Private equity explained

Private equity is a way of owning and investing in private companies.

Private equity funds can invest in companies that are already privately-owned, perhaps by a family or entrepreneur; they can acquire businesses that exist as divisions or subsidiaries of larger companies, or they can acquire publicly-listed companies and take them private.

The private equity ownership model allows a professional team of fund managers to take large stakes in private companies, to ensure they are run in the best interests of the underlying investors.

This avoids the 'agency' problem of a dislocation between the owners of assets and how they are managed.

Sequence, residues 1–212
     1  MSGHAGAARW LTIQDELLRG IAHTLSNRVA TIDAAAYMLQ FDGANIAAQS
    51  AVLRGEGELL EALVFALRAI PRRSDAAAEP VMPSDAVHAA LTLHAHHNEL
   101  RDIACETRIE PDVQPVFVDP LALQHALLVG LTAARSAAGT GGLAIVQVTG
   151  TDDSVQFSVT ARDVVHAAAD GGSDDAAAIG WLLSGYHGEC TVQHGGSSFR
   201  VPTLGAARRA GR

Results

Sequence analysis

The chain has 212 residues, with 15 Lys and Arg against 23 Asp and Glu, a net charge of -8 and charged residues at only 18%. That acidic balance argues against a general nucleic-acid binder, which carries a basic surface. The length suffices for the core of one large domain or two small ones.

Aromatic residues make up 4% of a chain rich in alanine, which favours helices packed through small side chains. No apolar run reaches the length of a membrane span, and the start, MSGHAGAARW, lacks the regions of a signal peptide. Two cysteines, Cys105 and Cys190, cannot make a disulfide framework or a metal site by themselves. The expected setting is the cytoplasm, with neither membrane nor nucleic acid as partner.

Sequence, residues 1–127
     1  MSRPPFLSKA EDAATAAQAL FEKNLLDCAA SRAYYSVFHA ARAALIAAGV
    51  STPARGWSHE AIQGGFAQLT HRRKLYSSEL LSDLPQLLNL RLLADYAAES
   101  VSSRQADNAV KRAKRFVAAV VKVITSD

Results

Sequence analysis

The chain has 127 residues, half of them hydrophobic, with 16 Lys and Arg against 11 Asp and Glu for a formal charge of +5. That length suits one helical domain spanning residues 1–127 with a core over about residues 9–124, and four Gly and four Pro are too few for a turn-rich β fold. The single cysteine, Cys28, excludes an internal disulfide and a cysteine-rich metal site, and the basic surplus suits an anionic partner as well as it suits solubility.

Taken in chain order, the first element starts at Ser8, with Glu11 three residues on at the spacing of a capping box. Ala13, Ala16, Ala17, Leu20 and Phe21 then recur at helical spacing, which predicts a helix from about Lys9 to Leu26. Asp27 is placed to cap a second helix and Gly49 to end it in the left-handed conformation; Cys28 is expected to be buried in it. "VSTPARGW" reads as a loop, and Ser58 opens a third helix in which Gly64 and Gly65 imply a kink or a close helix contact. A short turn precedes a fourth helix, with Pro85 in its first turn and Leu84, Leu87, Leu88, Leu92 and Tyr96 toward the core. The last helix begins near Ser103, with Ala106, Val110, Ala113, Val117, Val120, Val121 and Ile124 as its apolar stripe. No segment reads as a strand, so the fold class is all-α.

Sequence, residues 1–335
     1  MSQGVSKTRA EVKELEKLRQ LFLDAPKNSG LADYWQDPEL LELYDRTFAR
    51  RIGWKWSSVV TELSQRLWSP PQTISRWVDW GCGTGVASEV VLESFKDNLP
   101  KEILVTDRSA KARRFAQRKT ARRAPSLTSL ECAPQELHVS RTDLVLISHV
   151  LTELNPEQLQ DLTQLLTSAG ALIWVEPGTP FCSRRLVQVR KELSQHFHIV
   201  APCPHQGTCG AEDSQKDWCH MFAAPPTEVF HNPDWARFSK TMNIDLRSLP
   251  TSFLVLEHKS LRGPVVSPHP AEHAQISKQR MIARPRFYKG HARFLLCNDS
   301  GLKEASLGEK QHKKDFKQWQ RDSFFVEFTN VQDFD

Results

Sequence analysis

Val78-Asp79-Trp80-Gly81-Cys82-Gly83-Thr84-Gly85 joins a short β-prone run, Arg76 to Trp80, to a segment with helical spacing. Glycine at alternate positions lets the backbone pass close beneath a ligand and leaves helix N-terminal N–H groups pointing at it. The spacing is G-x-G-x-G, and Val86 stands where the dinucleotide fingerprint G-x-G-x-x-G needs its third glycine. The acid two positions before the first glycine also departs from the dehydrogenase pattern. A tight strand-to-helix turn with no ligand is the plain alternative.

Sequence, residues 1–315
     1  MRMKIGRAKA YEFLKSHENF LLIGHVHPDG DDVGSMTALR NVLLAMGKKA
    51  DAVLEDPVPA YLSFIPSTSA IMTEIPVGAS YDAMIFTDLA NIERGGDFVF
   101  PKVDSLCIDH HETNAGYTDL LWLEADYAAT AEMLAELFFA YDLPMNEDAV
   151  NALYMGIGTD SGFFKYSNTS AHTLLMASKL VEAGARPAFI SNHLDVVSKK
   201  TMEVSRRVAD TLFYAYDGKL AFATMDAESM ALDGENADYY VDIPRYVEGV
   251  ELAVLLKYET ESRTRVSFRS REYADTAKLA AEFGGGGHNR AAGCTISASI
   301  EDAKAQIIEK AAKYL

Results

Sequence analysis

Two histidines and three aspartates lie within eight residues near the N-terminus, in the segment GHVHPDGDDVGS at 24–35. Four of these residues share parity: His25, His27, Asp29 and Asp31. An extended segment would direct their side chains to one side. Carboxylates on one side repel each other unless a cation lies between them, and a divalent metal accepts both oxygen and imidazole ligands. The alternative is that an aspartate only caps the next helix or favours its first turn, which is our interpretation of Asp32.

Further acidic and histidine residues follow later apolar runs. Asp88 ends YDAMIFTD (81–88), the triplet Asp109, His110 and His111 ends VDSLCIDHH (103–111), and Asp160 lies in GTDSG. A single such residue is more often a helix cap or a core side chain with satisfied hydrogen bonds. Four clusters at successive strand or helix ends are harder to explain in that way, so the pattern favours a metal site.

For instance, for stock market-listed companies to run effectively, management-stewards have a large degree of control over how the company is run, with reference to widely dispersed shareholders.Read more on this.

In state-controlled businesses, the dislocation to the ultimate owners, the taxpayer, is even wider. Other forms of company ownership, such as family companies, do not enable outside investors to access their returns.

The private equity ownership model can be applied to a wide range of company types, sizes, sectors and geographies.

The common factor is that all investee companies have unrealised potential. Private equity investment will aim to unlock this potential.